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Thimbleweed Park

Thimbleweed Park

Ron Gilbert and Gary Winnick are back with a spiritual successor to Maniac Mansion, but how does it fare in an era where point and clicks aren't as popular as days gone by?

  • Text: Ford James

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Adventure games have been around since the dawn of the video game era, starting off with simple text based stories like Zork and the aptly named Adventure, before growing into basic point and click games that followed the same structure, but this time with graphics like in Mystery House. LucasArts joined in on the action in 1987 with Maniac Mansion, made using their SCUMM game engine, followed by The Secret of Monkey Island, both critically acclaimed titles. Thimbleweed Park is a spiritual successor to Maniac Mansion that retains its charm and comedic value, but upgrades the tried and tested formula in ways that make it clear that it's not your standard point and click adventure in 2017: it's so much more.

Thimbleweed Park places you in the shoes of two protagonists; Agents Ray and Reyes, two detectives investigating the murder of an unknown businessman in the small town of Thimbleweed Park. You swiftly discover that not everything is as it seems, however, with the sheriff seemingly out to prevent you from fulfilling your duties as detectives. Three more characters, suspects, become playable, reliving parts of their lives via flashbacks: Ransome the Clown, Delores, and Franklin. The story feels like it's Gilbert and Winnick's interpretation of a cheesy crime show where you must eliminate potential suspects by asking the citizens of the town probing questions which subtly become more so as the agents are cluing on to what the town is trying to hide.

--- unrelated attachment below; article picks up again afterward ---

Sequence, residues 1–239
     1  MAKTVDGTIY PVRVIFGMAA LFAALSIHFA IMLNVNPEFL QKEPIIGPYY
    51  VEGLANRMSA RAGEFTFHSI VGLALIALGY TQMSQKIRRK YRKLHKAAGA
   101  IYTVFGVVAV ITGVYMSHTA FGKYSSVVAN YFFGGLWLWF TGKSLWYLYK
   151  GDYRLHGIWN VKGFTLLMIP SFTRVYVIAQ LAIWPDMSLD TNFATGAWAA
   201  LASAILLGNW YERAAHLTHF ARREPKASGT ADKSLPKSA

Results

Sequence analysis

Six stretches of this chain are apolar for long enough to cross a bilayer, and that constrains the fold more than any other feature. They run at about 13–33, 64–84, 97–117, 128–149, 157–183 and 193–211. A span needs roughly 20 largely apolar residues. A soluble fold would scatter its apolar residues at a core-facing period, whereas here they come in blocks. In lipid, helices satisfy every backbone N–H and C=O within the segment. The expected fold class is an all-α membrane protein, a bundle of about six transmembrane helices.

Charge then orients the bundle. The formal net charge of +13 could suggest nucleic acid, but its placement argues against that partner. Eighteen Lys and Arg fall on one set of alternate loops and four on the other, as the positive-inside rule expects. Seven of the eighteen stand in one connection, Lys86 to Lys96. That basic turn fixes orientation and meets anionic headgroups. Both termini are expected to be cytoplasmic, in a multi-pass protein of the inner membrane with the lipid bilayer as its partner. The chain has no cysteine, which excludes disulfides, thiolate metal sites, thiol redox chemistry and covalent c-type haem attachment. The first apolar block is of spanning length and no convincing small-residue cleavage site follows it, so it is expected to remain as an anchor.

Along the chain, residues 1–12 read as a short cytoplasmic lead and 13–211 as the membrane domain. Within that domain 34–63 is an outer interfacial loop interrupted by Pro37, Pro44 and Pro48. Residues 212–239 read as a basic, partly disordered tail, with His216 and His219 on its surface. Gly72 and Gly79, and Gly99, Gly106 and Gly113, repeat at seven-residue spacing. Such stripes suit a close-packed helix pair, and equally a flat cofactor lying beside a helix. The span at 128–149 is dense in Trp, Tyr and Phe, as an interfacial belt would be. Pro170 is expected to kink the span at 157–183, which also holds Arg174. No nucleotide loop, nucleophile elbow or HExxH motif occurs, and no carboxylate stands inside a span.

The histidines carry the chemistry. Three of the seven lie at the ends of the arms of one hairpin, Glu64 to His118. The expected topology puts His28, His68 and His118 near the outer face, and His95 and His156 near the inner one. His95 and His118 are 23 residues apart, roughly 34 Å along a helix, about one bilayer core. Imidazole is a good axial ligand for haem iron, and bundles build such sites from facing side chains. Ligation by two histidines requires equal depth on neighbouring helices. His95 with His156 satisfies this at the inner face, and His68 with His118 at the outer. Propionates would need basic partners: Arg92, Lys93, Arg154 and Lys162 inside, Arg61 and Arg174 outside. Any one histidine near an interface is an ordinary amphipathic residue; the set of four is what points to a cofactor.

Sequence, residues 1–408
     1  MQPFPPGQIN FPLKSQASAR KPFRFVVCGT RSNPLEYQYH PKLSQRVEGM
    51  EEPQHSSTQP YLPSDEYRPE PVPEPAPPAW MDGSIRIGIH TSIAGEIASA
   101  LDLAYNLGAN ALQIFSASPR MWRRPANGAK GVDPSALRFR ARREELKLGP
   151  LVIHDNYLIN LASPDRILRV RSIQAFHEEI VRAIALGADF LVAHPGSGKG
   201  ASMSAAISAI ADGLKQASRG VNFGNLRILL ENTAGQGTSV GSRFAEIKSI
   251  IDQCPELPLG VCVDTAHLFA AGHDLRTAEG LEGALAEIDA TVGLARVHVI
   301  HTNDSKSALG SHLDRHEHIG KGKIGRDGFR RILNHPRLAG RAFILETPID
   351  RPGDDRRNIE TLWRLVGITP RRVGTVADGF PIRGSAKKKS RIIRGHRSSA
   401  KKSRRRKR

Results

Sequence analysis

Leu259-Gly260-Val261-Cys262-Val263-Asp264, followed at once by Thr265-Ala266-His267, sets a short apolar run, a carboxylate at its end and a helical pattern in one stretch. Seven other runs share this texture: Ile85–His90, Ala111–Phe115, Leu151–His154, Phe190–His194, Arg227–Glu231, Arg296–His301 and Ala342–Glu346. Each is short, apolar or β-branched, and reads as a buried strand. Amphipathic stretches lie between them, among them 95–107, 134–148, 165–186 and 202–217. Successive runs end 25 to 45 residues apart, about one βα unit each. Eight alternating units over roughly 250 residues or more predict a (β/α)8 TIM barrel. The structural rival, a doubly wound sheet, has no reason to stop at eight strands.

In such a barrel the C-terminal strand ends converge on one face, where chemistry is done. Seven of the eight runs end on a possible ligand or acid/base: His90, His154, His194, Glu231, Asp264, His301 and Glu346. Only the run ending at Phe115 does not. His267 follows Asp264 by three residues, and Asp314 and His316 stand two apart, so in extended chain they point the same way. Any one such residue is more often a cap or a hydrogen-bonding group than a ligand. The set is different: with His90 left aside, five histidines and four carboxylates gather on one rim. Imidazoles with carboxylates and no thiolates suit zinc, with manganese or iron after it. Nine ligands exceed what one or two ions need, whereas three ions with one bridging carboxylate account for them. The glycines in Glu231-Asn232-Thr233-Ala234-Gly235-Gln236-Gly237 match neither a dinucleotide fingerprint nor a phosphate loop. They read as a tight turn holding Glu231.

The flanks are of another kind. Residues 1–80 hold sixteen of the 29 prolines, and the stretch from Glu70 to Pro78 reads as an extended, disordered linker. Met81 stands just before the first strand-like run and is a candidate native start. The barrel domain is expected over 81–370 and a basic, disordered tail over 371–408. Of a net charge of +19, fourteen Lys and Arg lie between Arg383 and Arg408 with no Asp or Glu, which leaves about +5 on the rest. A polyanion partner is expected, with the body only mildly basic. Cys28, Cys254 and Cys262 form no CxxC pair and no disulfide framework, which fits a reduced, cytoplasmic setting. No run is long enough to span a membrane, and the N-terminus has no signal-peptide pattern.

It wouldn't be a Gilbert/Winnick game without an abundance of puzzles, and that's exactly what you get with Thimbleweed Park. There's plenty of ways to go about things; it's fairly non-linear in terms of the order puzzles need to be solved in, and none of them are particularly illogical. Sure, you need to essentially leave your brain outside of the box and try to think of some truly obscure solutions, but you're never left feeling cheated that a solution was too nonsensical. As per the older SCUMM games, everything you do revolves around the nine verbs like "Use", "Talk To" and "Pick Up". Combine items by using one with the other, put them in your inventory by picking them up. In terms of the mechanics, they're as simple as they come.

There were a few times we thought that we were truly stuck or had essentially 'snookered' ourselves by doing something wrong and having to reload an earlier save, but we soon learned that's one of the aspects that Thimbleweed Park truly excels at; you cannot get stuck, the solution will always be available to you if you keep searching and trying different combinations. Some items require an eagle eye to spot and there's no hint system like in the Monkey Island remasters, but taking a break then revisiting the game often provides the fresh mind you need to figure out the answer. There's also two separate modes which is new for Ron Gilbert's adventures; casual and hard. On casual, the characters drop much more blatant hints for what to do next, along with easier and fewer puzzles overall. If you ever forget where you are, each playable character carries a handy notebook or to-do list that can be referred to at any point, and is checked off as you complete different tasks.

Thimbleweed Park
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